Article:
How and Where Does the Brain Encode Fearful Memories

MedicalResearch.com Interview with:

Jun-Hyeong Cho, M.D., Ph.D. Assistant Professor Department of Cell Biology & Neuroscience University of California, Riverside Riverside, CA 92521

Dr. Jun-Hyeong Cho

Jun-Hyeong Cho, M.D., Ph.D.
Assistant Professor
Department of Cell Biology & Neuroscience
University of California, Riverside
Riverside, CA 92521

MedicalResearch.com: What is the background for this study? What are the main findings?

Response: In order to survive in a dynamic environment, animals develop adaptive fear responses to dangerous situations, which requires coordinated neural activity in the hippocampus, medial prefrontal cortex (mPFC), and amygdala. Dysregulation of this process leads to maladaptive generalized fear in post-traumatic stress disorder (PTSD), which affects 7 percent of the U.S. population.

In this study, we found that a population of hippocampal neurons project to both amygdala and medical prefrontal cortex (mPFC). We also found neural mechanisms how these double-projecting neurons efficiently convey contextual information to the amygdala and mPFC to encode and retrieve fear memory for a context associated with an aversive event.

MedicalResearch.com: What should readers take away from your report?

Response: Our study suggests that double-projecting hippocampal neurons can facilitate synchronized neural activity in the mPFC and amygdala that is implicated in learned fear. They can also convey contextual information efficiently to the amygdala through both the direct and the indirect pathways. By modulating the activity of the mPFC and basal amygdala, double-projecting hippocampal neurons are likely to contribute to the acquisition and retrieval of fear memory for a context associated with an aversive event.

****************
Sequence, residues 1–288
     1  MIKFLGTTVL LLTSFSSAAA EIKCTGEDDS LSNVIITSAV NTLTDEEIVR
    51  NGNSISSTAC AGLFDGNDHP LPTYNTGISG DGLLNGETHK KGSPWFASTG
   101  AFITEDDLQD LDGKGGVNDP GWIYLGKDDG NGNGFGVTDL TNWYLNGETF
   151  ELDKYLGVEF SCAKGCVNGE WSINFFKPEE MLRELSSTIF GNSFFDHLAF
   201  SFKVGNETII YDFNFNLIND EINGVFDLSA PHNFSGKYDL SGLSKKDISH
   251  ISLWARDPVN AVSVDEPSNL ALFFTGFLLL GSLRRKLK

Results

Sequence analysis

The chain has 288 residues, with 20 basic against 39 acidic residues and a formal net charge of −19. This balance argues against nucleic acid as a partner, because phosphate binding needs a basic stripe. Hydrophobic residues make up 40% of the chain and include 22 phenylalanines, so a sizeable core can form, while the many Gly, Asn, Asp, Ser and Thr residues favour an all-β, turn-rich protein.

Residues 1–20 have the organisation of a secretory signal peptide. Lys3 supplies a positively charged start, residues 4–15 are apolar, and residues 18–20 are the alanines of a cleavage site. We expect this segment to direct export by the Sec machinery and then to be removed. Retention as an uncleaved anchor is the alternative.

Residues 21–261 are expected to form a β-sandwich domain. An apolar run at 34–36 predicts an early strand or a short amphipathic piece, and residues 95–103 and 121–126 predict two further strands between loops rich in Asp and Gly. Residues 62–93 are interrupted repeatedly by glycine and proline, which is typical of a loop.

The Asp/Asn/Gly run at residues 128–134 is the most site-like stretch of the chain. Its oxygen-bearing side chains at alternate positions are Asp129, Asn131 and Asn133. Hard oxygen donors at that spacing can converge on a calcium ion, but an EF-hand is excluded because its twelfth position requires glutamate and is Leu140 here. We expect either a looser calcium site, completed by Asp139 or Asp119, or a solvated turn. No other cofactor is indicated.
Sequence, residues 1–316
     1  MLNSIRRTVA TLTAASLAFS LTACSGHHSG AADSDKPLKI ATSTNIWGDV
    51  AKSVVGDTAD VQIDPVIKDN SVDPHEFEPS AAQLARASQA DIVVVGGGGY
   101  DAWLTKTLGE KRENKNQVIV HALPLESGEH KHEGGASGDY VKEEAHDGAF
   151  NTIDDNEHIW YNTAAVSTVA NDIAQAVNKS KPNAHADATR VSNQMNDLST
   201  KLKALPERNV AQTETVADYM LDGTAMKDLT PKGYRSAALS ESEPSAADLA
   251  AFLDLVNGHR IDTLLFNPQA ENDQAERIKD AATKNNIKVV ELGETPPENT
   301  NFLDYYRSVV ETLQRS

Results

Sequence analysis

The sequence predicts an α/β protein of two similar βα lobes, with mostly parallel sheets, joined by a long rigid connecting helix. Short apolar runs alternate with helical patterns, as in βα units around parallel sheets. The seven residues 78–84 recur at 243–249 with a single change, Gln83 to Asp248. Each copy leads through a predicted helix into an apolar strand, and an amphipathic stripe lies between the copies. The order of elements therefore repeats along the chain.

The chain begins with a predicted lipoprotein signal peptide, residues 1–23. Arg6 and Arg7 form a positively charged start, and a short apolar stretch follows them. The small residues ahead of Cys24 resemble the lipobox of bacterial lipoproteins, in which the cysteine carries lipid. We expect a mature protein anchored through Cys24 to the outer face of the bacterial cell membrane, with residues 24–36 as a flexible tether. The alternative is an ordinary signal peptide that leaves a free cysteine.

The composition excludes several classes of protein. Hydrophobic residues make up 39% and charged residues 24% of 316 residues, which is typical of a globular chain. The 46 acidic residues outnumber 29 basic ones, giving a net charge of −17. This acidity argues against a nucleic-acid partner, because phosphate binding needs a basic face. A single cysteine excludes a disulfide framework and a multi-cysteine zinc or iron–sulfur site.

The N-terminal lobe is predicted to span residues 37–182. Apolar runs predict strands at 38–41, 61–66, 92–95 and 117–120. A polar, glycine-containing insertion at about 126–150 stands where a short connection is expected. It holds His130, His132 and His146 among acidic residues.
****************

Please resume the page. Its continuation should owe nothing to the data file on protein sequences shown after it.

Our study is expected to expand understanding of how associative fear memory for a relevant context is encoded in the brain. Such knowledge has the potential to inform the development of novel therapeutics to attenuate pathological fear in PTSD.

MedicalResearch.com: What recommendations do you have for future research as a result of this study?

Response: To determine more clearly the role of double-projecting hippocampal neurons in fear learning and memory, we are planning to selectively silence these neurons and examine how this manipulation impacts the formation of fear memory for a context associated with an aversive event.

MedicalResearch.com: Is there anything else you would like to add?

Response: Multiple projections from single neurons seem to be a general feature of the neural circuits in the brain and could promote synchronized neural activity and long-term changes in the efficiency of neural communication. The experimental approaches used in our study can be used to examine other brain areas that project to multiple targets.

MedicalResearch.com: Thank you for your contribution to the MedicalResearch.com community.

Citation:

Woong Bin Kim, Jun-Hyeong Cho. Synaptic Targeting of Double-Projecting Ventral CA1 Hippocampal Neurons to the Medial Prefrontal Cortex and Basal Amygdala. The Journal of Neuroscience, 2017; 37 (19): 4868 DOI: 10.1523/JNEUROSCI.3579-16.2017

Note: Content is Not intended as medical advice. Please consult your health care provider regarding your specific medical condition and questions.

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